3 months later, an official Solatia Program was developed, and some funds made available for it. It was aimed more at those who were working on our behalf, employed at bases, killed while assisting us - but it was a smart thing to do regardless of who it was meant for.

I am not sure why I was remembering all this last night as I tossed and turned. Thanks for letting me throw that out there and vent a little bit.


Blogger Cowgirl said...

Wow. You are amazing and kind.

11:37 AM  
Blogger Major John said...


I still don't know why I did some of what I did. I really should have asked the rest of my group for help - I am not sure why I didn't. I am just glad that commanders now have the ability to do this type of thing through regular channels.

11:48 AM  
Blogger Citizen Deux said...

More and more we soldiers and sailors must remind ourselves that we ARE diplomats when overseas. Our actions directly reflect upon our nation and its values. Some of us forget that. Clearly, Major, you did not.

More cultural awareness for our deploying troops will aid us far better than any top to top discussions.

1:17 PM  
Blogger Major John said...

I am now the S-5 (Civil-Military Operations Officer)of my Brigade. My people will get everything I can teach them - so this kind of thing doesn't come as a shock.

1:48 PM  
Anonymous Anonymous said...

Ah ha! Just as I suspected reading through your blog. You're one of those soldiers that breaks down doors and terrorizes women and children in the dark of night.

Seriously, this is a very heartwarming story. One of many that more accurately depicts the true nature of our service personnel. Thank you for sharing it, and thank you for representing our country in such a fine manner.


3:50 PM  
Blogger Acad Ronin said...

Above & beyond, & best traditions.

The pessimist in me wonders how much stuck to the fingers of the male relative.

You still did more than the right thing. I just wonder.

7:06 PM  
Blogger Major John said...

Acad - good, if cynical point. I don't think he took any of it away from her, that would really be beyond the pale - but trust me, he knew about it, and factored it into any decisions he made. I just hoped that she had the good fortune to have decent relatives.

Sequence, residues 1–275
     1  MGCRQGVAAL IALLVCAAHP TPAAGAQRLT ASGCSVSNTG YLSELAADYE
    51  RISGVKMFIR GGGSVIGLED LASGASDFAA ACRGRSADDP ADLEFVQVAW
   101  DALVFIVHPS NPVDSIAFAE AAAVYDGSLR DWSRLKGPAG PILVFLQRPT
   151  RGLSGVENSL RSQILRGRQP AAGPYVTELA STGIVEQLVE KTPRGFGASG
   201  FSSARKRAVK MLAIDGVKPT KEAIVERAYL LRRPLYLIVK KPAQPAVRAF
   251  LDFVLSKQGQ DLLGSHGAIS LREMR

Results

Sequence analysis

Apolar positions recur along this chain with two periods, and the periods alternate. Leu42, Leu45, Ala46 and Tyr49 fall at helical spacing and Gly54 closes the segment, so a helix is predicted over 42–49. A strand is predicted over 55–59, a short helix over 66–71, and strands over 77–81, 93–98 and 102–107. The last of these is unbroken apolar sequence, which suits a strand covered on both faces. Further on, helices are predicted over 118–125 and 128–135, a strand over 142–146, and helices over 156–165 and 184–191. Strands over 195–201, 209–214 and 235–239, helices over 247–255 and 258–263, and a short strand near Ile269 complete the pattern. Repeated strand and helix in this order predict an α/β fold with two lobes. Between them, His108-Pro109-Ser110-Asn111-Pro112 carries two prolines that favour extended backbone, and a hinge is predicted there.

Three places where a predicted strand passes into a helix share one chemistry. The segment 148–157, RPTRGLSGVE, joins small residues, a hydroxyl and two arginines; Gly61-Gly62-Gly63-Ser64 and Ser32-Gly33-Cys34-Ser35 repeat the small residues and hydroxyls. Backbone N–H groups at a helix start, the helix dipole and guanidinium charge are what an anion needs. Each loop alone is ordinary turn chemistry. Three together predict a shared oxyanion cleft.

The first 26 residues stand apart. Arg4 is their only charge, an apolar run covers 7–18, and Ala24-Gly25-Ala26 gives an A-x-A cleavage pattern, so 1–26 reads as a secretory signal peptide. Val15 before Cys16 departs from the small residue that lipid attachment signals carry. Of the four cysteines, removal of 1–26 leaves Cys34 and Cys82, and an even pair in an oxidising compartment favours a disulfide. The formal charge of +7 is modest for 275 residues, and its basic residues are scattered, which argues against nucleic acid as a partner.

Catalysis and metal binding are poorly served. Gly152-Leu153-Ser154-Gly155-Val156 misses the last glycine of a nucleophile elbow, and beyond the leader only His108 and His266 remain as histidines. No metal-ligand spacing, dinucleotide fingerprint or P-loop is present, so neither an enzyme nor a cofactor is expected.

9:36 PM  
Anonymous Shelleigh (Pixie) said...

You're a good man, Major John.

1:35 AM  
Blogger dave bones said...

yeah, nice one dude. like anoymous said. Good to hear.

9:42 PM  
Blogger Major John said...

Dave - I suspect had you been in a position to, you would have done just the same.

10:33 PM  
Anonymous major tim said...

Editor and Publisher has published an article highly critical of solatia payments and other such compensation. "What price (when we do pay) do we place on the life of a 9-year-old boy, shot by one of our soldiers who mistook his book bag for a bomb satchel? Would you believe $500?"

The flippant article is entitled
Sorry We Shot Your Kid, But Here's $500, and I imagine the writer has no concept of what it's like to have to face the families or next of kin in these situations.

4:45 PM  
Anonymous generic cialis said...

I think that this is really interesting, I have been reading about it , I want to read more about it , I really like to read similar things!

11:08 AM  
Blogger Marla@CIVIC said...

Hey there LTC John,

Thanks so much for your thoughtful blogging and your service to our country. This one from 2006 on Solatia is particularly interesting.

I work for a small NGO called CIVIC. We're based in Washington, DC but we work with warring parties around the world (including the US military and ISAF) to help protect civilians and to create programs to help those they accidentally harm as a course of their combat operations.

This post goes directly to the work we've been doing with the US military. I wonder if you might have a few minutes to chat about your experiences.

You can check out your work here:

Thanks again and I look forward to hearing from you.

8:19 AM  
Anonymous Anonymous said...

ssedicorI happened upon your blog when looking up the meaning of this word. You are a kind, decent and honourable man, Major John. God bless you.

12:17 PM